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EDINBURGH — In 2008, South Africa made global headlines for xenophobia, with a photograph of a Mozambican man in flames representing the deep hatred towards Africans from other countries. The man, set alight by a mob, died in hospital, as Time magazine reported at the time. Dozens of Africans died, many were forced to move out of their homes and abandon small businesses. In 2015, xenophobia reared its ugly head again, when the South African government had to deploy the army to volatile hotspots in Johannesburg and Durban following the deaths of at least seven people and the displacement of more than 5,000, reported The Guardian. Xenophobia is back on the news agenda. According to Bloomberg, the Democratic Alliance and Economic Freedom Fighters are appealing to voters by beating the anti-immigrant drum. Analysts note that the number of immigrants is a relatively small part of the population. A bigger challenge for municipalities is accommodating and helping all the rural people who have come to urban areas looking for job opportunities. – Jackie Cameron
Trump-style immigrant bashing clouds South African election
By Antony Sguazzin
(Bloomberg) – Shorn of their most important campaign weapon, scandal-ridden former President Jacob Zuma, South Africa’s biggest opposition parties are turning to populism as they scramble for votes in the most competitive election since the end of apartheid.
The two main challengers to the ruling African National Congress are increasingly echoing the anti-immigrant and race-baiting bias that’s come to dominate politics in the US under Donald Trump and President Jair Bolsonaro’s Brazil, as well as Italy and parts of Eastern Europe.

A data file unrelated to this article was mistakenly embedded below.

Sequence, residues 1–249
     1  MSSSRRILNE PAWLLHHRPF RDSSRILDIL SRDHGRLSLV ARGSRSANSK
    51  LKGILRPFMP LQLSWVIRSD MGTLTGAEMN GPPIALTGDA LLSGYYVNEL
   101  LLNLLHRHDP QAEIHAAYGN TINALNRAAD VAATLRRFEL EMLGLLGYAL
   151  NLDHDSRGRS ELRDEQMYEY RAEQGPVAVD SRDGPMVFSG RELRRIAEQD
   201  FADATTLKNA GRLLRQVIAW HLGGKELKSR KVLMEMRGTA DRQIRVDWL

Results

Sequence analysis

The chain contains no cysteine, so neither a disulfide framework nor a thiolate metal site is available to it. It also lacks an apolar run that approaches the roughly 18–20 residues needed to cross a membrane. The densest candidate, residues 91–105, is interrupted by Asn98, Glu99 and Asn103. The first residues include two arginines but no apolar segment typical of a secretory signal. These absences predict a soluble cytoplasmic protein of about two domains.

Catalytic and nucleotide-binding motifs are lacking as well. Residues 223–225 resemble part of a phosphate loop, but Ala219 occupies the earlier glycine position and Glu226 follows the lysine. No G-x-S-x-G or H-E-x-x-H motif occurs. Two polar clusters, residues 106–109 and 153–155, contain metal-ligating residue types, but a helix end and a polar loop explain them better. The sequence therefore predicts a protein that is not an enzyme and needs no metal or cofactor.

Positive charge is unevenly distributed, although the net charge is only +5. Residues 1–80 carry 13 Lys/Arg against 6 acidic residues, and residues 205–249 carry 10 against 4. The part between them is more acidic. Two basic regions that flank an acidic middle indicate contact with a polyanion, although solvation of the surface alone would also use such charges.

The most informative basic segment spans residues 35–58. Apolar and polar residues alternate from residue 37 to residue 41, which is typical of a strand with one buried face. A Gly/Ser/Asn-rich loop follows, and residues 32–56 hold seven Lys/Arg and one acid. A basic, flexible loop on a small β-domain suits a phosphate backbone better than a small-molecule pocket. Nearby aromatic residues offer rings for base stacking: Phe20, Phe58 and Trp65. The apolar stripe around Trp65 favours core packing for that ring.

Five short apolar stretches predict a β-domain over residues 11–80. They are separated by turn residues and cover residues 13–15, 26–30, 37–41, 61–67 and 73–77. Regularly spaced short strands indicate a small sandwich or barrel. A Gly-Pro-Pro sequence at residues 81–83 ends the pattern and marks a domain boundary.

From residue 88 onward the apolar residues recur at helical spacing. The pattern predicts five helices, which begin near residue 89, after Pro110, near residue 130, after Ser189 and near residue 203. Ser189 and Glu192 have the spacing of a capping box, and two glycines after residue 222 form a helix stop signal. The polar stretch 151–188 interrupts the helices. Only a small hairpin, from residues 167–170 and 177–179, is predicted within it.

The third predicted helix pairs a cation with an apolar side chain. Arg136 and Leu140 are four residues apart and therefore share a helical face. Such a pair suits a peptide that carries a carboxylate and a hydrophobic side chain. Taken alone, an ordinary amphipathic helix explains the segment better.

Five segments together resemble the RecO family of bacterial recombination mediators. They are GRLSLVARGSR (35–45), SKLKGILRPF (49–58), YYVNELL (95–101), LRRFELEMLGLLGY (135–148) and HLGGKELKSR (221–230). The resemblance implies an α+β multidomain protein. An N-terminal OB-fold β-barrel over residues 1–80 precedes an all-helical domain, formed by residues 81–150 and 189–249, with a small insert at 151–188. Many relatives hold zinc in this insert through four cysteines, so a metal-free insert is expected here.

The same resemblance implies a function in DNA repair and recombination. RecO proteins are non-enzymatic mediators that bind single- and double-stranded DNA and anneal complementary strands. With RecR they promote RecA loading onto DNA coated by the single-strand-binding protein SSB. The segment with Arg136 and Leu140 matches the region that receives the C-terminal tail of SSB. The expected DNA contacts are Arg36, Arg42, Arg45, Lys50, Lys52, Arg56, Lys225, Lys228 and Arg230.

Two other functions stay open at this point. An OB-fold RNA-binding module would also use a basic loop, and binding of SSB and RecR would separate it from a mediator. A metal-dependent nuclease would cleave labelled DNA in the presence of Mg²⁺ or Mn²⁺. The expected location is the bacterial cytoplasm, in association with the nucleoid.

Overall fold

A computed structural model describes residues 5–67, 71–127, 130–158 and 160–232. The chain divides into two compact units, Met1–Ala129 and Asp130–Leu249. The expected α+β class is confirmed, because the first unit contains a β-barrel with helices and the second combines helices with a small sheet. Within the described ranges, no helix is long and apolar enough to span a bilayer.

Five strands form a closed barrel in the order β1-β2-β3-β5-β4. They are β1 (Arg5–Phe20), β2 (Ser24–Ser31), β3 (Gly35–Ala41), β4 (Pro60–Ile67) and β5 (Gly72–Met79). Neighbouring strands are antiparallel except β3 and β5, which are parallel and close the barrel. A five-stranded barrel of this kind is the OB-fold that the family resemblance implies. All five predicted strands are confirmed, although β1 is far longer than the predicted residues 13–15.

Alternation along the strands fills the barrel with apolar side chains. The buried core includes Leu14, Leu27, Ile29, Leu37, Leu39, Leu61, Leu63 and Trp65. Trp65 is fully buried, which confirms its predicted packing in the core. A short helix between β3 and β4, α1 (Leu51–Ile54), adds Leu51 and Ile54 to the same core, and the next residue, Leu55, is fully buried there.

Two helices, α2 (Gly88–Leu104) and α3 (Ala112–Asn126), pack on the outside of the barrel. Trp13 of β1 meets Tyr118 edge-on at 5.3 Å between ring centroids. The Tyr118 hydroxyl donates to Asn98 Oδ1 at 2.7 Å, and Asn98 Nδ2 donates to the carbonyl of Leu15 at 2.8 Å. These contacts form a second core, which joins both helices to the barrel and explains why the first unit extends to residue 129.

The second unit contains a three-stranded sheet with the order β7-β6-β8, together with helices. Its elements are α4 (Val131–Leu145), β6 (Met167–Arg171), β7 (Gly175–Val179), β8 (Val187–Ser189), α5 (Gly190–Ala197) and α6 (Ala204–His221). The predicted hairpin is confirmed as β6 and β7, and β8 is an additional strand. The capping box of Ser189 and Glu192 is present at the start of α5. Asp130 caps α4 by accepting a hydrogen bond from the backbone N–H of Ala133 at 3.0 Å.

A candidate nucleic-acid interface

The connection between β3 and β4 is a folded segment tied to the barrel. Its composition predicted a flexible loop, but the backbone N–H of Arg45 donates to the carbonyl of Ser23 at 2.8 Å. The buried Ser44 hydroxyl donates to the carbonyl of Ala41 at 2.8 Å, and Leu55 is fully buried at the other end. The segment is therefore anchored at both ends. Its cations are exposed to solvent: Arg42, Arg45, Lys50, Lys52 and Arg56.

“Secure our borders” reads a campaign poster of the second-biggest party, the Democratic Alliance. Its spokesman on immigration proposes a “humane” deportation program for undocumented migrants he says are a major source of crime and who take welfare checks and anti-AIDS drugs meant for South Africans. The signature poster of the Economic Freedom Fighters, the third-biggest party, features a picture of its leader, Julius Malema, emblazoned with “Son of The Soil,” a slogan that alienates Asian, mixed-race and white South Africans.
“In South Africa, as in many countries around the world right now, you have this fairly rapid creep to the right and nativism,” said Claude Baissac, the head of Johannesburg-based political risk consultancy Eunomix Business & Economics Ltd. “Trump and Bolsonaro made it not only acceptable but fashionable. The DA has very cynically and opportunistically taken the nationalist route.”
In the case of the DA, analysts say the strategy threatens to alienate its traditionally liberal base. It could also heighten tensions in a country already riven by racial divisions and periodic xenophobic violence.
Anti-foreigner violence led to more than 60 deaths and 50,000 being made homeless in 2008 when footage of a Mozambican man being doused in petrol and burnt to death made international headlines. Similar violence has regularly resurfaced since, including this year.
The dilemma for the two parties is renewed interest in the ANC after the popular Cyril Ramaphosa replaced Zuma as president last year and pledged to crack down on corruption. That’s left both the DA and EFF seeking ways to gain voters’ attention three years after municipal elections handed the ruling party its lowest share of the vote since it took power in 1994.